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47 European countries unanimously agree on historic human rights recommendations for lesbian, gay, bisexual and transgender people

Published on 7 April 2010

Press release - 277(2010)

Council of Europe to advance human rights for lesbian, gay, bisexual and transgender persons.

This recommandation, contrarily to the previous ones, is not exclusively limitated to transsexual persons, but now will also be applied to transgender people.

Strasbourg, 01.04.2010 - The Secretary General of the Council of Europe welcomes the decision of the Committee of Ministers on Wednesday 31 March to adopt a recommendation to member states on measures to combat discrimination based on sexual orientation or gender identity.

This is an important achievement, being the first legal instrument in the world dealing specifically with one of the most long-lasting and difficult forms of discrimination to combat.

The recommendation, which draws on existing standards in international legal instruments, in particular the European Convention on Human Rights, will advance the enjoyment of all human rights by lesbian, gay, bisexual and transgender persons.

"The recommendation is an expression of the Council of Europe’s commitment to the equality for all and respect for the dignity of all. I invite all member states to make all the necessary efforts to implement this recommendation", Secretary General Thorbjørn Jagland declared".

The Recommendations establish how international human rights standards should be applied to LGBT people and contain specific measures for Member States on how they should improve their legislation, policies and practices to address discrimination against LGBT people in such areas as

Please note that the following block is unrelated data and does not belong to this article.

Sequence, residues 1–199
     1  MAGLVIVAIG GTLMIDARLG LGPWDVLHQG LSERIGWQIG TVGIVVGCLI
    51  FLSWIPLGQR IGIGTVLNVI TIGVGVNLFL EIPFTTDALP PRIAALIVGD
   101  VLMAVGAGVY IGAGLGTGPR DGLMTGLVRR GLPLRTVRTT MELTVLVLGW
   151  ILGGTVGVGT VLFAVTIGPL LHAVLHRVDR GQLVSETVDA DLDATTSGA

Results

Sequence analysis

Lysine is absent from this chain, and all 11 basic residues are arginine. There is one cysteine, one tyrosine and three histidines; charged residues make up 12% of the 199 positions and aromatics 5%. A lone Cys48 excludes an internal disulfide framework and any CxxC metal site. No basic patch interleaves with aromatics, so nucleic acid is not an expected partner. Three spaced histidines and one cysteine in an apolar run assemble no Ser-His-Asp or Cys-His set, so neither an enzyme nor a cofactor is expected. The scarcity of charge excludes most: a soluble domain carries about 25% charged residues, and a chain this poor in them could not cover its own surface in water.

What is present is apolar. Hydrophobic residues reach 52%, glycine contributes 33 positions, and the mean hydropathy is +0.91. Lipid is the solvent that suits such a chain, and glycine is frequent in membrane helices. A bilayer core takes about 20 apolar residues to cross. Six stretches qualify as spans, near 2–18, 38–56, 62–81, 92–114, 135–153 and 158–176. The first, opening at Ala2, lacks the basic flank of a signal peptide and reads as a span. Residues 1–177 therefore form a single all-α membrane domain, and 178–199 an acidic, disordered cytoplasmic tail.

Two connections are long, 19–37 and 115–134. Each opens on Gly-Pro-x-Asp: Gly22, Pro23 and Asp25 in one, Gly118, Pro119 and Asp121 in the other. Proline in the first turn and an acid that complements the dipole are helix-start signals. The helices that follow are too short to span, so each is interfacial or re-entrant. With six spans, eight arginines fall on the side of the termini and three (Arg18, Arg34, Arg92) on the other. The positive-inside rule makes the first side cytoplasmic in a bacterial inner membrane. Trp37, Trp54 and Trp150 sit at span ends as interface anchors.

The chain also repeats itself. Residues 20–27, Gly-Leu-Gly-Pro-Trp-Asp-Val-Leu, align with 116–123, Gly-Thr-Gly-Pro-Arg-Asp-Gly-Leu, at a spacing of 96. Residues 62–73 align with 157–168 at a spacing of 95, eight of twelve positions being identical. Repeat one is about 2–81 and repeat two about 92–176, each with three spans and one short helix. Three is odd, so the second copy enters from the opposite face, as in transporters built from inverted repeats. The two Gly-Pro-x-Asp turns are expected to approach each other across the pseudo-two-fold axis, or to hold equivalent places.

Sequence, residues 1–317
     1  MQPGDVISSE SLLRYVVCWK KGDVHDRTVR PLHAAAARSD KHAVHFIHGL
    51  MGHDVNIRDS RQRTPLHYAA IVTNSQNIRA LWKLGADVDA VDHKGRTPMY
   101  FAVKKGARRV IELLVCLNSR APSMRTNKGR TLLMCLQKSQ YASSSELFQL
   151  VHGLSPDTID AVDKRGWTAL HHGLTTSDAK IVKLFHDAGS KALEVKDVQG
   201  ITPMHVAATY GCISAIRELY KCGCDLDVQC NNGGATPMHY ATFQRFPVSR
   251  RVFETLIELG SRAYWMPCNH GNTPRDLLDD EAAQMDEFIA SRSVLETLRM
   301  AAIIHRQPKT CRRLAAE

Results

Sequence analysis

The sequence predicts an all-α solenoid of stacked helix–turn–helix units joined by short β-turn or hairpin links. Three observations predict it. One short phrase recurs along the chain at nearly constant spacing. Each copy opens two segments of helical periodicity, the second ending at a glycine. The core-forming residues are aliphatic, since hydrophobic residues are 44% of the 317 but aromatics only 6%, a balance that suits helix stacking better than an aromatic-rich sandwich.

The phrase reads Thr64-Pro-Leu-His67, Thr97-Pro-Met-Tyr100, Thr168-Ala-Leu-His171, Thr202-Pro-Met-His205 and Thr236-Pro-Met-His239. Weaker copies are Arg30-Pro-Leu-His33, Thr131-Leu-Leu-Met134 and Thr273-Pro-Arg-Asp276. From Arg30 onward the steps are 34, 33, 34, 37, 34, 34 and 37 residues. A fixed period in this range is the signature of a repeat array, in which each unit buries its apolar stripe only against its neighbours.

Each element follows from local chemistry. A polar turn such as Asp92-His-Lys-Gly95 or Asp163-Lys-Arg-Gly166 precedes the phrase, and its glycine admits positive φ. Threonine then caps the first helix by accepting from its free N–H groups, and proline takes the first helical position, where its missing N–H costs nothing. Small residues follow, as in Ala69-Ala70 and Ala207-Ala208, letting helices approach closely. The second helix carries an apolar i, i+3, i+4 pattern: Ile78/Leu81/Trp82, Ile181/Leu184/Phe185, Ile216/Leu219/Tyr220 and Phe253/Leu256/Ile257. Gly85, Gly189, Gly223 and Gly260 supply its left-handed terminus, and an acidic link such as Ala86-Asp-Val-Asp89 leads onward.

hate crime and hate speech;
 freedom of association, expression and peaceful assembly;
 right to respect for private and family life;
 right to seek asylum.

Additionally, the Recommendations prescribe that Member States should ensure that national human rights structures are clearly mandated to address discrimination on grounds of sexual orientation and gender identity. They also encourage Member States to address multiple discrimination experienced by LGBT people.

ILGA-Europe’s only regret is that the Member States did not go as far as we hoped for in some areas, particularly family rights.

Martin K.I. Christensen, Co-Chair of ILGA-Europe’s Executive Board, said:

"This is a truly historical development! For the first time in history the European continent came together to codify human rights’ applications to LGBT people. As we celebrate this landmark in European human rights history, we also hope that these Recommendations will help to advance the human rights for LGBT people beyond Europe. "

Linda Freimane, Co-Chair of ILGA-Europe’s Executive Board, added:

"These Recommendations go well beyond the current situation in many European countries for LGBT people and will surely serve as a blueprint for our members in working with their national governments. We will also follow closely the three year review mechanism agreed by the Committee of Ministers to ensure the full implementation. Finally, we encourage the Council of Europe to organise a campaign among its Member States to promote these Recommendations."

  1. Full text of the Recommendation
  2. ILGA-Europe is the European Region of ILGA, the International Lesbian, Gay, Bisexual, Trans and Intersex Association and works for equality and human rights for lesbian, gay, bisexual, trans & intersex people in Europe: http://www.ilga-europe.org/
  3. The Committee of Ministers is the Council of Europe’s decision-making body. It comprises the Foreign Affairs Ministers of all the Member States, or their permanent diplomatic representatives in Strasbourg.
  4. Committee of Ministers’ recommendations are international ’soft law’ agreements.

View online : Council of Europe Directorate of Communication